What if everything you know about the story of Medusa is wrong?
You know that she turns men to stone. You may know that Perseus the great hero killed her and used her head as a weapon to gain his glory. If you’re really up on the story, you might even know that Athena, the goddess of war and wisdom, helped Perseus do the deed.
But do you know the rest?
Hear What You Want to Hear
The true story of Medusa reminds us that myths are mutable. They come from oral tradition, where the details depend on who is telling the story, when it’s being told, and to whom. As a result, we can choose the most meaningful telling based on what we want to say.
Which is why I lean toward a certain telling of Medusa’s story.
Medusa the Beautiful
Medusa was once a beautiful young girl. Her hair was her most enchanting feature – every man wanted to bury his face inside her curls.
But Medusa’s only love was the goddess Athena. Medusa dedicated her life to Her by serving in her temple. In return, Medusa received Athena’s protection.
But Medusa also caught another deity’s eye. Poseidon, the god of the sea, was known for his raging lust. He also had a bone to pick with Athena regarding the city that bears her name instead of his. One day when Medusa was in Athena’s temple, Poseidon found her alone and brutalized her.
Medusa the Hideous
The rest of the story is often lost in the words of men who have told it for ages. They say that Athena became angry, jealous, and vengeful. She was known for her vow of celibacy so this act, even without Medusa’s consent, was a violation of her temple. So the story we’ve been offered is that Athena cursed Medusa to become hideous and turn men to stone with just a glance.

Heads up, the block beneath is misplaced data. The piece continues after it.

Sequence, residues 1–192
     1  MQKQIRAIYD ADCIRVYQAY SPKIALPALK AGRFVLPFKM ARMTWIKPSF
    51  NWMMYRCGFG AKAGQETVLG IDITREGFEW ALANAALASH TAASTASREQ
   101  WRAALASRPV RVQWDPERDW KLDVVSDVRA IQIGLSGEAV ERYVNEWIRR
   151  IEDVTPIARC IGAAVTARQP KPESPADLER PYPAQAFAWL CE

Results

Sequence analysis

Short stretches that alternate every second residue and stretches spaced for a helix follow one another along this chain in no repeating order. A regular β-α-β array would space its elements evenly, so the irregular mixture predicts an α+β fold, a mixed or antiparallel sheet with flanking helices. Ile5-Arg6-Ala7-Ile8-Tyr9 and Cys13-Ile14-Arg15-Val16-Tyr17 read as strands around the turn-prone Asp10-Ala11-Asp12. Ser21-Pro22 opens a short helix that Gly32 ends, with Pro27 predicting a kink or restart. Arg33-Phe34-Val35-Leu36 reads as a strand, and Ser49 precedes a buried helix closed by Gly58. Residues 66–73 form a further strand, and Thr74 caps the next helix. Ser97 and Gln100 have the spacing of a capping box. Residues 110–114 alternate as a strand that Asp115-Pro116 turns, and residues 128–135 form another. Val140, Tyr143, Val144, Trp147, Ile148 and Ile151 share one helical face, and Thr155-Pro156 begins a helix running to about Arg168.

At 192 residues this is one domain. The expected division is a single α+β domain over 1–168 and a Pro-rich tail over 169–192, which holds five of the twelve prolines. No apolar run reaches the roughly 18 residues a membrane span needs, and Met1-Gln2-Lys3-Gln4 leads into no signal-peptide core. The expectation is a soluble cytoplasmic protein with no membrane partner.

But as the goddess of wisdom, wouldn’t Athena be a little more clear-headed in her approach? Isn’t she the one who led men to battle with an articulated strategy in place of blood-red rage?
Medusa the Protected
Anyone who knows Athena well knows that she served as a protector of women who had been raped. Women like Medusa who had been victimized were outcasts in ancient Greece and often turned to Athena as their protector. As Medusa was a devotee (and Poseidon a foe) of Athena, it makes no sense that the goddess would have blamed the victim.
What if Athena changed Medusa to be hideous as a form of protection? With her grotesque new form, Poseidon had no power, nor did anyone else who had the same violent desires. As the goddess of war – and wisdom – Athena knew she could not change the fact that violence exists, but she could redirect it.
Next time you watch Clash of the Titans, or clash with someone who has been brutalized, remember that ugliness is a form of protection when no other strategy works.
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